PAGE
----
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Friday, April 01, 2005

Sony Does It



Back in January there was a lot of talk, here, on Russell Beattie's weblog, and elsewhere, about mobile media in general, and about, specifically, Nokia and Sony and Microsoft and what each of them was (or wasn't) doing to facilitate media downloads for mobile devices.

In fact, in an entry called Microsoft's Consumer Electronics Endgame, Russ pointed out that Microsoft was essentially stealing a march on its competitors with its strategy in this area. I distinctly remember posting a comment on that entry: "I was sure that Sony had seen this coming and sought to circumvent it by spending billions over the years to become a content provider for its own devices. It appears, however, that this isn't the case, since they've done nothing to utilize their media vault or integrate their entertainment and hardware divisions. How difficult would it be, to encode movies and TV episodes and offer them up at little cost for download to various Sony products, especially phones and handhelds? Or, failing that (because bandwidth is maybe still not there), offer them for purchase on flash media (MMC or Memory stick)? Something exactly like iTunes for the iPod, but in this case a broader media offering for Sony mobiles. They own a treasure vault of movies." Or words to that effect. I've since searched that entry and can't find my comment. Maybe I wrote it elsewhere. Whatever.

In any case, later that month (January), Sony announced that they were in fact planning something. No details were available at the time, but in a ZD Net article yesterday, the plan was made clear. Apparently Sony execs were thinking along exactly the lines I suggested. And the whole thing is pretty exciting.

According to the ZD Net article, Michael Arrieta, senior vice president of Sony Pictures, announced the details at a conference yesterday. Here is some of what he had to say.
"We want to set business models, pricing models, distribution models like (Apple Computer CEO Steve) Jobs did for music, but for the film industry," [said Arrieta], "I'm trying to create the new 'anti-Napster."

To that end, Arrieta said, his group plans to digitize Sony Pictures' top 500 films and make them available for the first time in various digital environments within the next year. He said the distribution for films like "Spider-Man 2" will go beyond just Movielink, the video-on-demand joint venture of Sony Pictures and several other major studios, which to date has hosted a limited library of Sony's movies.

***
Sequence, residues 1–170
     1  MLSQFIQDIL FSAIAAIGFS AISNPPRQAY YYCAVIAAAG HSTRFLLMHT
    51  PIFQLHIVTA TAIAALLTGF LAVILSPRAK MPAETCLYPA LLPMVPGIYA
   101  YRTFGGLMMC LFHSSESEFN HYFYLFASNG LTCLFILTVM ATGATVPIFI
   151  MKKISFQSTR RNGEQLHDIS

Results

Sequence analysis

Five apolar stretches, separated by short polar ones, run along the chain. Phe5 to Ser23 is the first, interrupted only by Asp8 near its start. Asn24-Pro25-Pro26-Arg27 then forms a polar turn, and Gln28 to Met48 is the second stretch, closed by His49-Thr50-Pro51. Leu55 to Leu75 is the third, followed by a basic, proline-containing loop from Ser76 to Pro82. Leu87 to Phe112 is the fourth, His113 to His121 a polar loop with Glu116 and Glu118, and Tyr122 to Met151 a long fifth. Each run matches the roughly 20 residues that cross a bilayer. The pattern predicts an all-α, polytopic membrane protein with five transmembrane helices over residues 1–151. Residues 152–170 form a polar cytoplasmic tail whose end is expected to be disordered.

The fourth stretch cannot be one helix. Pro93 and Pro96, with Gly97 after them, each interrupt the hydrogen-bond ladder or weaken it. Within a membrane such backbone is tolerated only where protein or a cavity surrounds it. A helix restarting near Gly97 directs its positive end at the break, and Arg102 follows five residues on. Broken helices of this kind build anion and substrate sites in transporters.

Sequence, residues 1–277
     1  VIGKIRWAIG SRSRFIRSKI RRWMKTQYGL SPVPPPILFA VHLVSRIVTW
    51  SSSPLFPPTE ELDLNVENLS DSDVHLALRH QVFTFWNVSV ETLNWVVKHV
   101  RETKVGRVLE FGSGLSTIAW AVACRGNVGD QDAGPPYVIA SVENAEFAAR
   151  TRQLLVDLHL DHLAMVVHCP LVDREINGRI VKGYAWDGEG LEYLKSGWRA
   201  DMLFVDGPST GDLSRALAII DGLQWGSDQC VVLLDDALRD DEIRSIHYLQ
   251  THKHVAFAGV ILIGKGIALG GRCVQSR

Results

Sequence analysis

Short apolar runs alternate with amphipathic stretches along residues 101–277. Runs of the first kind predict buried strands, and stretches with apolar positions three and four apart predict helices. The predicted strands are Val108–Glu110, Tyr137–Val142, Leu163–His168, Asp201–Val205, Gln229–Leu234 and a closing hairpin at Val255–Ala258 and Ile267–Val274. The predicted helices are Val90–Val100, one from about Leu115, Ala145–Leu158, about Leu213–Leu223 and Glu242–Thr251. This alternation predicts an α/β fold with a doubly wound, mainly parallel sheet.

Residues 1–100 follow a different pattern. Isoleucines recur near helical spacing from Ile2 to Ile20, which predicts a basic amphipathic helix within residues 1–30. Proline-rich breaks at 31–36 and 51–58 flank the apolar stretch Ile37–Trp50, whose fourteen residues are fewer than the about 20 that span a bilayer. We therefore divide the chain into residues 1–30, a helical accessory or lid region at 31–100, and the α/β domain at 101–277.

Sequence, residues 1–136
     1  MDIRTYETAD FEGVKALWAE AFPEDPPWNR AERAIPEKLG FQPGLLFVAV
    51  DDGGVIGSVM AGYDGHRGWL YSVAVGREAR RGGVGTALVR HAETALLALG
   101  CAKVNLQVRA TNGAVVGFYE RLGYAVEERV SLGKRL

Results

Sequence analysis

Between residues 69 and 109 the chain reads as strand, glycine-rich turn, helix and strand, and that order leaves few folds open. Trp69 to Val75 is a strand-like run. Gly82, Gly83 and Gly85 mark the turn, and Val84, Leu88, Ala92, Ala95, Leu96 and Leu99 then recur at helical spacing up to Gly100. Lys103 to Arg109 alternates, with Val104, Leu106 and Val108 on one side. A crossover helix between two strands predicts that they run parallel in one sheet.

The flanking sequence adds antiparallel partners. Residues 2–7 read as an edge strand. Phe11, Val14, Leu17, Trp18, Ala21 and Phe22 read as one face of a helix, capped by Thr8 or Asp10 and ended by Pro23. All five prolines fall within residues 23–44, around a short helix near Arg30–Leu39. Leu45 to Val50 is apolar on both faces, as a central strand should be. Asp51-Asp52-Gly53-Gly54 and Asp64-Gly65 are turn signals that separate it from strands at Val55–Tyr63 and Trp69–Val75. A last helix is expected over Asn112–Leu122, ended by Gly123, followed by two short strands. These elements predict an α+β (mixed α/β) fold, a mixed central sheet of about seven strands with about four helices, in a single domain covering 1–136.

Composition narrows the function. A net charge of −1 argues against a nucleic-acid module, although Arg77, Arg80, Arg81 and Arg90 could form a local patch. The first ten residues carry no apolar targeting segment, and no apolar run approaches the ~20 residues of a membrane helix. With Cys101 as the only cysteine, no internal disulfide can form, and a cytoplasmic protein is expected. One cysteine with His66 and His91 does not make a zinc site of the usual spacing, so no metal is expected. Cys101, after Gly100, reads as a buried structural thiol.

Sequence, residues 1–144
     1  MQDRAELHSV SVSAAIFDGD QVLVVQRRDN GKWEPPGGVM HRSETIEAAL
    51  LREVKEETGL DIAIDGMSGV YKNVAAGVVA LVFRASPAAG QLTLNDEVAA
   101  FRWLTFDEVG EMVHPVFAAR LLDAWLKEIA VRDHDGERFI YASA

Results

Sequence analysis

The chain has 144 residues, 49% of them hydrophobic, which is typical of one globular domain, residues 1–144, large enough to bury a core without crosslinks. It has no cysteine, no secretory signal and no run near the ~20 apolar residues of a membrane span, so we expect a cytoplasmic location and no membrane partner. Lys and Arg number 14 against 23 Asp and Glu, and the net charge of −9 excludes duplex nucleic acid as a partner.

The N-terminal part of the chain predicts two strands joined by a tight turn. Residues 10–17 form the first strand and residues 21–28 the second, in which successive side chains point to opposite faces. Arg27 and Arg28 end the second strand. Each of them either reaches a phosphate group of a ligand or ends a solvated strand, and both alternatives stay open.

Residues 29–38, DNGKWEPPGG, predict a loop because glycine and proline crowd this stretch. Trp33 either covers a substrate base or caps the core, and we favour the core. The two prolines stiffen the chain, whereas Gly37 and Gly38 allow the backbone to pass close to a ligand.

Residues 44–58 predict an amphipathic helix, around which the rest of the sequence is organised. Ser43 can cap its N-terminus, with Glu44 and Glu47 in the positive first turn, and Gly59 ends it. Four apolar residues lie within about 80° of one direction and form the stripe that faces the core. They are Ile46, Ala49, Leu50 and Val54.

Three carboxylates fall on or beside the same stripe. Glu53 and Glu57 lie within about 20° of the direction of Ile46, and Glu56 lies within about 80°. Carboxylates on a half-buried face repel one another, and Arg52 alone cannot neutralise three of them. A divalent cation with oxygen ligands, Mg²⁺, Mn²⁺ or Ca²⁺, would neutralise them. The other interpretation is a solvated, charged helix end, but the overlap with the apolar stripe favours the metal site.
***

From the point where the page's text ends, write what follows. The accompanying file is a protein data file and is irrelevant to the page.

For example, Sony plans to sell and make films available in flash memory for mobile phones in the next year, Arrieta said. It also will further develop its digital stores for downloading and owning films on the PC, he said in an interview. Sony's plans--and similar moves by other studios--are likely to avoid empowering any one technology company--such as Apple in the music equation--and allow studios to pocket more of the profits. The philosophy in Hollywood is "Define your own agenda or someone else will for you."
Clearly, then, Sony execs are getting back into the game. Perhaps the new CEO, Howard Stringer, has the broad picture vision many of us assumed he'd lack.

Thebusiness about creating the "anti-Napster" sounds kind of scary. And we've no reason not to take him at his word. On the other hand, it is an obligatory statement for a Hollywood exec to make. And perhaps Sony realizes that the best way to re-route developing download habits (read: defeat so-called piracy), is to offer high-quality content at extremely low prices. If I had access to over 500 films, perfectly encoded for use on my (former) Nokia 3650, and if each of them cost, say, five dollars: I wouldn't really care if they were DRMed. Especially if I could transfer them to a limited number of other devices. I can imagine having a whole library of films, and renting those I don't want to buy. It's the video sales/rental business, all over again.

Will it stop the free exchange of content across the Internet? No. But it will make Sony devices an attractive portal for good, cheap, easy-to-acquire media. And that will go a long way toward forming people's habits.



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